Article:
The council is reviewing requests to carry over unused funding from 2020 and will vote on the item in their next meeting. The funding is divided between a CIP Fund and a General Fund, both of which include money for various departments which was not spent due to the COVID-19 pandemic.
A draft of a new flag raising policy was presented to the council, which will see several discussions before being voted on when the council feels ready. The policy would bring greater formality to requests for the city to fly certain flags on the city hall flagpole, including an application which the City Clerk would use to determine whether a flag may be flown. There is currently no policy for the city in regard to flag-raising, though there have been resolutions passed within the common council to fly the LGBTQ+ flag during June 2020 and the UN flag during Oct. 2020. The council leaned toward a more simplified policy which would only allow the national and state flags to be flown on city flagpoles, however, they intend to pass the current policy draft through the Taskforce for Inclusion, Diversity and Equity (TIDE) first regardless.
The City of Platteville is considering the adoption of a new mission statement to increase the visibility and importance of its history. The current statement was implemented in 2013, so the council is looking into a more current reflection of the city’s values. Several council members felt the proposed statement included in the meeting packet was too long, and they are now revising it for brevity while still maintaining the message. The statement will likely be passed through TIDE and the city’s various committees and commissions before being decided on.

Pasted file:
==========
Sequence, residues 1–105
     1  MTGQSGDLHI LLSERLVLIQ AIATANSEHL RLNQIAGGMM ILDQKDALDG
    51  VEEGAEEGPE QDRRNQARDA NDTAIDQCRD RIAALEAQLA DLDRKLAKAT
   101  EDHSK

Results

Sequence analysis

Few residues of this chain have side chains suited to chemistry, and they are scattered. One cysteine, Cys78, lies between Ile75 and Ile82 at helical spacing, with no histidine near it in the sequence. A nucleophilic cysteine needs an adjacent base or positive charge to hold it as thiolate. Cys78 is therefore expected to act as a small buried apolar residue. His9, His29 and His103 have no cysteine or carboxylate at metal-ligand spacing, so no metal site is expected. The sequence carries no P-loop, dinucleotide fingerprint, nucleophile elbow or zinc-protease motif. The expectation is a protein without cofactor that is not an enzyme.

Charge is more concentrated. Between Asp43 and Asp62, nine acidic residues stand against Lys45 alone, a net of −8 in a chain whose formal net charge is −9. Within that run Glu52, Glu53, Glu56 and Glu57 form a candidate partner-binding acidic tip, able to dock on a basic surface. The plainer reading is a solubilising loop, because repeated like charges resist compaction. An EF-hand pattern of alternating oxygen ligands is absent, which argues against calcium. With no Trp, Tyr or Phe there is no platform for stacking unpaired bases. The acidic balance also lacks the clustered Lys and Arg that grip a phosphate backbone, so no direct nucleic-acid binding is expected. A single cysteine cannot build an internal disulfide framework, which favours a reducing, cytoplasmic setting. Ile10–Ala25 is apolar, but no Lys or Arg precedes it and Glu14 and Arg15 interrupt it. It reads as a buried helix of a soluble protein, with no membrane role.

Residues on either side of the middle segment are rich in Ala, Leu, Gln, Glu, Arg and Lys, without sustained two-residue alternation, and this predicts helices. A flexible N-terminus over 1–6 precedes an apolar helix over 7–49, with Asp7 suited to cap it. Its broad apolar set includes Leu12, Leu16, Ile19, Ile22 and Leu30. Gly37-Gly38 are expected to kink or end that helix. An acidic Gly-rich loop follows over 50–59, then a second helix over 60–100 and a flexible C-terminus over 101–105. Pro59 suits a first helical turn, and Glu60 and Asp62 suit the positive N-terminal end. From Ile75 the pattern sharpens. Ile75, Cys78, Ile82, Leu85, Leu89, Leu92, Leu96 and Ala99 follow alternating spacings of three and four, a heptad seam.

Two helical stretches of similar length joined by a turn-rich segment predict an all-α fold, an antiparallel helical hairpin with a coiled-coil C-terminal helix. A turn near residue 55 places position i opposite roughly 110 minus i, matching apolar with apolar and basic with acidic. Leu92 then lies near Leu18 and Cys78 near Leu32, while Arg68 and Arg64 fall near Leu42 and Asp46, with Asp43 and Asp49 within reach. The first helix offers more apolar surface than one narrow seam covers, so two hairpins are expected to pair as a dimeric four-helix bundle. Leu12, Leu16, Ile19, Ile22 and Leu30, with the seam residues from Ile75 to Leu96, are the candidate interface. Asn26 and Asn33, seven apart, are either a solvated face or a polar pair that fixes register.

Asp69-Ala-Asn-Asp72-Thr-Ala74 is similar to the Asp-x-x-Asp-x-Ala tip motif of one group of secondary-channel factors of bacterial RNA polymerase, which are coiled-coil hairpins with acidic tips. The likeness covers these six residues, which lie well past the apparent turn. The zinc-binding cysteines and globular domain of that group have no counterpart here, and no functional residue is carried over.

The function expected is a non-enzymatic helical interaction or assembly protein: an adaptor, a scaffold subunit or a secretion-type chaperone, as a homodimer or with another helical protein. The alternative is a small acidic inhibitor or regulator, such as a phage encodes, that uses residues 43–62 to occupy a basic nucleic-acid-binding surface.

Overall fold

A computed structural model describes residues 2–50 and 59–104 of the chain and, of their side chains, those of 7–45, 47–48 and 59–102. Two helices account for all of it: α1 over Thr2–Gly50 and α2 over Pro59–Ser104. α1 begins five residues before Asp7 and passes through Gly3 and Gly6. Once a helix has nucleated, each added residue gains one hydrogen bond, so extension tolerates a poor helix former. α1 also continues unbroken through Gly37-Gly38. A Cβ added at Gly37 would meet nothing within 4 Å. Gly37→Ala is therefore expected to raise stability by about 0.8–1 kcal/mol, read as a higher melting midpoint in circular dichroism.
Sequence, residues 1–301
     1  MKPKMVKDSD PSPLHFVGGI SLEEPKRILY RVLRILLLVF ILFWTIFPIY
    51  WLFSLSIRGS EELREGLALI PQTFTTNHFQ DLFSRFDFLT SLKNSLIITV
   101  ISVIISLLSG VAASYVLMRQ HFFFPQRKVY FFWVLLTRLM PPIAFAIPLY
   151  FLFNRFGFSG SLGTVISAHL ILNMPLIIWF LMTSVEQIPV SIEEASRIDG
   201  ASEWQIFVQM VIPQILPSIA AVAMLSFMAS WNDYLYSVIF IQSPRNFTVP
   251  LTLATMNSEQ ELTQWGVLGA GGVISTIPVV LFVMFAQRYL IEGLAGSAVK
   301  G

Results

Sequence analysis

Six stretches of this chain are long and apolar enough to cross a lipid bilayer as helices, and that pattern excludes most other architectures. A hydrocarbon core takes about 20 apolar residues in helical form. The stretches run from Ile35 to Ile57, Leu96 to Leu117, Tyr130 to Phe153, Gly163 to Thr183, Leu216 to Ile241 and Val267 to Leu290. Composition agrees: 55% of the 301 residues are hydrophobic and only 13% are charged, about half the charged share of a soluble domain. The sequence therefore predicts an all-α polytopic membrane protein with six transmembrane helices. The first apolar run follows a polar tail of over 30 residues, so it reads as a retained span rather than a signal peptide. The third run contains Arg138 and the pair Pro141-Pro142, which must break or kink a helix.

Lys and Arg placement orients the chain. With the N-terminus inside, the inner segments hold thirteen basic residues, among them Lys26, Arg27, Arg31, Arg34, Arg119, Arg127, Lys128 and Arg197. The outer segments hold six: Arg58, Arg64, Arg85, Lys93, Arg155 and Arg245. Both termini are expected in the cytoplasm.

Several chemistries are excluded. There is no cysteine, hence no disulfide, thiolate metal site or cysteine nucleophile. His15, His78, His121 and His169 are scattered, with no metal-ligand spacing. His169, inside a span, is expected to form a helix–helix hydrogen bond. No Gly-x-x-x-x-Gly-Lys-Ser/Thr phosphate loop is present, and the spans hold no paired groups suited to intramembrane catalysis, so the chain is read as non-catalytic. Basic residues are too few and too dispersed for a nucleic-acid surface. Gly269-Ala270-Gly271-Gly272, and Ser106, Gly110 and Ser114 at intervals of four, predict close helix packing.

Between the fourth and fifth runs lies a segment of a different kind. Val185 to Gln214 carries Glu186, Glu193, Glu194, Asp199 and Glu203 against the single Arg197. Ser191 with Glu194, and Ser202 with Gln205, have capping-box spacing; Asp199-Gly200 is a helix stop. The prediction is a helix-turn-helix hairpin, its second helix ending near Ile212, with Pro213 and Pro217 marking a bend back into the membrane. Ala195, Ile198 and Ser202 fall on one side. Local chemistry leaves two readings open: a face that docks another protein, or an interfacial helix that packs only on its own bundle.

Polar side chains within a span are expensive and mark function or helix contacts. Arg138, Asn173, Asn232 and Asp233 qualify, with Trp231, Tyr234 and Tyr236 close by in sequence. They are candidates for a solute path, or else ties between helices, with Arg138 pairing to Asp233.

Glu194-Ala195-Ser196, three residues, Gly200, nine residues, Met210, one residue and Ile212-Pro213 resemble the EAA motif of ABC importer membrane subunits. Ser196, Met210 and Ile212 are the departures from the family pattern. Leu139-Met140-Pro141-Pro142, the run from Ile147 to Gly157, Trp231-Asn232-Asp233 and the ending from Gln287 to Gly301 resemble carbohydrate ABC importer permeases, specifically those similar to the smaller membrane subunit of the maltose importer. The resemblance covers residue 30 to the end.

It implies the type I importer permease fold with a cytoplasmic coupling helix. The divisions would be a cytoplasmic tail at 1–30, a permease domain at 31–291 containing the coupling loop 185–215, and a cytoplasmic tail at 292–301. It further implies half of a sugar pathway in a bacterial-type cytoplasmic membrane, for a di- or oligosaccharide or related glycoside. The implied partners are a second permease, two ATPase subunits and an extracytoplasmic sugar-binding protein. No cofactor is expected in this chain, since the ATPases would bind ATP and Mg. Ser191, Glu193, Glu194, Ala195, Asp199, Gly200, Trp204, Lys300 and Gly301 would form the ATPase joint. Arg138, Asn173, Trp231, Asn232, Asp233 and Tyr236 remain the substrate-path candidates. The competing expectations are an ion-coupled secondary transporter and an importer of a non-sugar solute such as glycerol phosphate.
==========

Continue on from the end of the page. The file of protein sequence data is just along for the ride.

The Inclusivity, Diversity and Equity Update covered the TIDE meeting from Mar. 26, where the task force met with Dr. Jonathan Brown to review the City Statement and policies. The task force is planning to work with Jamie Collins from the Southwest Wisconsin Rainbow Alliance soon to practice scenarios and bias training, as well as revise policies to be more inclusive. Additionally, the TIDE intends to come up with a city event to promote inclusivity, diversity and equity for some time in 2022.
Finally, the COVID-19 Update addressed the state of the pandemic and vaccinations in Platteville. The report indicated that roughly 30% of Grant County residents have been vaccinated, and addressed the city’s ruling on masks in the wake of the state-wide mask mandate being struck down. The city plans to continue requiring masks in public buildings until the state of emergency, declared in the city’s resolution 20-31 on December 15, 2020, comes to an end on June 30, 2021. At that time, the city plans to reassess the situation and move forward based on recommendations from health professionals. In the meantime, vaccination clinics are being held on Thursdays at the Broske Center in Legion Park. The clinics require registration, unless extra vaccines are available, in which case the city will notify residents that walk-ins are being accepted.